I wondered why I was providing a document that 1)told my students the least they could do 2)put a cap on what they could do.  I was finding them to be limiting at both ends of the spectrum.  Even though rubrics are to be a continuum & I felt as if I were doing a good job creating ones that reflected this, at some point the continuum says 1)once you get here, you have nowhere left to go (or I won’t allow you to go any further) 2)because you are here, you really don’t know what you are doing or anything at all.  I wondered what my students were really gaining from using rubrics.  Can they reflect on their learning?  Do they know what they are doing well?  Do they know how they can grow?  I noticed that they did not.  Don’t rubrics try to squeeze someone into a box? (Just look at their design.)

I wanted more for my students.  Being a reflective person and knowing how I grow by constantly thinking about what I do, I knew that I wanted that for my students.  I have to say, it’s not easy.  Reflection is not easy.  If you are critical of yourself you can put a tremendous amount of stress on yourself.  It can be difficult to admit to yourself that you need to change something.  It can be tough when you don’t know what to do next.  It’s really tough teaching kids this process.

Here’s the conundrum…what are my kiddoes actually reflecting on?  What’s the criteria?  I’m thinking that it’s right there in what I teach my students.  Every mini-lesson, action, & interaction.  Posters litter my room of all the common language we have created together since the beginning of the school year.  Language that states what we do looks like, sounds like, & feels like.  But is that enough?

Data Destruction

A friend & I have been engaging in a conversation the last couple of weeks about data, & have a few observations &/or questions.  Here is what’s happening.  Teachers have become data managers.  They are being required to spend hours to…Create a test.  Teach to the test.  Give the test.  Score the test.  Enter the test scores.  Create small groups according to their test scores. 

It’s the new way to track students.  Instead of students being placed in ability groups because of teacher intuition, they are being ability grouped because of standardized tests.  The data is reinforcing old habits.  Grouping is occurring younger & younger, in some instances as early as Kindergarten.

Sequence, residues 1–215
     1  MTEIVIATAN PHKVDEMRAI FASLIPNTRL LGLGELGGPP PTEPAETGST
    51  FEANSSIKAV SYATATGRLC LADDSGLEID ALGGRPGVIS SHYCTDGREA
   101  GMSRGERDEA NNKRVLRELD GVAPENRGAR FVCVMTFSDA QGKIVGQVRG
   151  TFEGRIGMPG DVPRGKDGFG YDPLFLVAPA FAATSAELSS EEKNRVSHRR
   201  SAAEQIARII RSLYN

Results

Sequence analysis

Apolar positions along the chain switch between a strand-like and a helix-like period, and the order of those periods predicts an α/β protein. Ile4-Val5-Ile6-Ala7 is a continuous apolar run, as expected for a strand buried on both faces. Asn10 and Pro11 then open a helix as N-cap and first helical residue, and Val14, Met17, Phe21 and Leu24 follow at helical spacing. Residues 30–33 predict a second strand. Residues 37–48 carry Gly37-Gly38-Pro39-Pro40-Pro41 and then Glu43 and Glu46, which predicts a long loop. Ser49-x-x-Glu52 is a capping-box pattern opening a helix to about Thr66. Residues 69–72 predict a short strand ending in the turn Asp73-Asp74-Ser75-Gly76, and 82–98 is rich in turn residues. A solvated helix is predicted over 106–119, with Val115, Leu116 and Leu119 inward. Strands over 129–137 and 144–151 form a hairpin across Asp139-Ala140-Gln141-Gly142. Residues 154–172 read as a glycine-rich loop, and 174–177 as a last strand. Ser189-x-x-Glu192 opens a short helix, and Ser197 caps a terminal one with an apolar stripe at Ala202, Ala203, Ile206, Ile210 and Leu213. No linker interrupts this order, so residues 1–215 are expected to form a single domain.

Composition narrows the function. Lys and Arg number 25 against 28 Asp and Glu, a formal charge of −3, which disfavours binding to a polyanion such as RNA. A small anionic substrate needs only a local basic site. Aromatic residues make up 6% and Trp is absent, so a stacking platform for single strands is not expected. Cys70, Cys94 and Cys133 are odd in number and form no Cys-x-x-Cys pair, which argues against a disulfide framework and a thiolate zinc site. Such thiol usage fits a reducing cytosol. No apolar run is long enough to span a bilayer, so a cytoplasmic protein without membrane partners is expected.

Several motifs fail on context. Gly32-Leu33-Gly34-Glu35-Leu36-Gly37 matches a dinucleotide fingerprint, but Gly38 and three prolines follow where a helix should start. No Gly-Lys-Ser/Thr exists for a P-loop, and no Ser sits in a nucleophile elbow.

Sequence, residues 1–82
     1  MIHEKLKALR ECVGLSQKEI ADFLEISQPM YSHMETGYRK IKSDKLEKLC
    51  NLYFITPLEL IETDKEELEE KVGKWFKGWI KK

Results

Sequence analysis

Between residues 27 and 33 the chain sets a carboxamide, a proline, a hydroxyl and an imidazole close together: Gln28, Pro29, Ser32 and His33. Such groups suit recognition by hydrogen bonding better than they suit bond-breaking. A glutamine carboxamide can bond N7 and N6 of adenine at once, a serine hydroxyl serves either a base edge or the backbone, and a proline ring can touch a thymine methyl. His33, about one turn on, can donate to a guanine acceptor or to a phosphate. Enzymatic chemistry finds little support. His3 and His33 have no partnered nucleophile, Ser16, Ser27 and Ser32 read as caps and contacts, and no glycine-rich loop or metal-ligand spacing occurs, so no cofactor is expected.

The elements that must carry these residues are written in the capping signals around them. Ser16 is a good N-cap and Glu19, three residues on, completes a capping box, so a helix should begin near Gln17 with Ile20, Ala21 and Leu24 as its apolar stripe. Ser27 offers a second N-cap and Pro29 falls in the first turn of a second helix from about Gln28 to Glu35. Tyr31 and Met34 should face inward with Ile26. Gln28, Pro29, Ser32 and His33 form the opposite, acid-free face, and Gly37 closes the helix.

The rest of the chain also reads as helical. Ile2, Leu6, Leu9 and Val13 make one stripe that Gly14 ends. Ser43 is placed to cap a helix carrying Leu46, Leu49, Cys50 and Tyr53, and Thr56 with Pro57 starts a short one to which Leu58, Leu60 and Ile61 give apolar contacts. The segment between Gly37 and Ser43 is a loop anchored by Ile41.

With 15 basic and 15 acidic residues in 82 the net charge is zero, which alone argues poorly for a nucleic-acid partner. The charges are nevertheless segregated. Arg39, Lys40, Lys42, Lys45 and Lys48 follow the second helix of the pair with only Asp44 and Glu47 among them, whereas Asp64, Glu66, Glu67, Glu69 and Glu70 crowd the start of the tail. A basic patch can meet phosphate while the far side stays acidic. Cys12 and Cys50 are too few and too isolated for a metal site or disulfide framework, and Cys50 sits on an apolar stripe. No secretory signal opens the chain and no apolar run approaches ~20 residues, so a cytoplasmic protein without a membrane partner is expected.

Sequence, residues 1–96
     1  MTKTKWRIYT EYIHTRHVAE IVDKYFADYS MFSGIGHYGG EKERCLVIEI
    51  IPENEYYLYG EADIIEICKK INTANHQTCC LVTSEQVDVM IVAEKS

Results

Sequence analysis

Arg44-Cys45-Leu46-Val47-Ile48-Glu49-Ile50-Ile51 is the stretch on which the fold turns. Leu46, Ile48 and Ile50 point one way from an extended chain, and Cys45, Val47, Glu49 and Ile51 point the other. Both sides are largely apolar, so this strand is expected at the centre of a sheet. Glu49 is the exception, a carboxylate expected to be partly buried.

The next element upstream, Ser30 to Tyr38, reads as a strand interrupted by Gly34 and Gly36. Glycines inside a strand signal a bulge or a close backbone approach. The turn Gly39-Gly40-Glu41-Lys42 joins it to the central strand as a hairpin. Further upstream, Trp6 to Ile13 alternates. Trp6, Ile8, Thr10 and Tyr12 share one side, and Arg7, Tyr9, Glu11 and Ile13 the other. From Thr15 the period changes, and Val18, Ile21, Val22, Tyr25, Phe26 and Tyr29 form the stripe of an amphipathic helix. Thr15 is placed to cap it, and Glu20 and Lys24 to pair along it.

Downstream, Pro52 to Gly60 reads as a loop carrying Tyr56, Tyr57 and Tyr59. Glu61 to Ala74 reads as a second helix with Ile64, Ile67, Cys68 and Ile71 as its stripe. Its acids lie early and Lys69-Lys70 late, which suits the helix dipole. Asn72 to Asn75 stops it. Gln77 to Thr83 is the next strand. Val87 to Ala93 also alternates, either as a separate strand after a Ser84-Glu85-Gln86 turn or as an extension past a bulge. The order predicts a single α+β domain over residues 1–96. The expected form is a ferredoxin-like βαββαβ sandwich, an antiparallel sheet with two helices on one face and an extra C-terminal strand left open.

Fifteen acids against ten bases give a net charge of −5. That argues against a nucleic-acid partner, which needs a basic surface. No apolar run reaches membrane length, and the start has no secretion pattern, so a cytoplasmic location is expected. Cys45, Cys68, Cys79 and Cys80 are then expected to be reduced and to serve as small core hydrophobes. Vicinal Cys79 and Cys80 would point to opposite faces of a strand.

Data is deceitful. When data is used, typically only the numbers that support the point being made are used. none of the variables are included. Nor is the information that may disprove your point.It’s an excuse to purchase technology.  Technology is not being purchased to engage students in 21st Century Skills, but instead to engage educators in pre-historic skills.  But, wait!  We want our teachers to work smarter, not harder.  So for them to work smarter we will purchase them an iPad or iPod or netbook or some program that will make either the data entry or data analysis easier.

Although data analysis is a higher level skill, everything else leading up to it (test creation, instruction, implementation, & scoring) are all lower level thinking.  When our students observe us consistently engaging in low-level thinking, will they be inspired to engage in high-level thinking?  NO.  They mimic us.  They will engage in exactly what they see.

We’ve tossed around a few theories about why technology is being used in this manner.  Is it a digital immigrant’s way to become comfortable with technology?  Are the new generation of teachers enamored with data?  Are the elder generation of teachers seeking a ‘back to basics’ approach?  Has creativity gone to the wayside to the point where it is extinct in educators?  Has the business model fully hijacked education?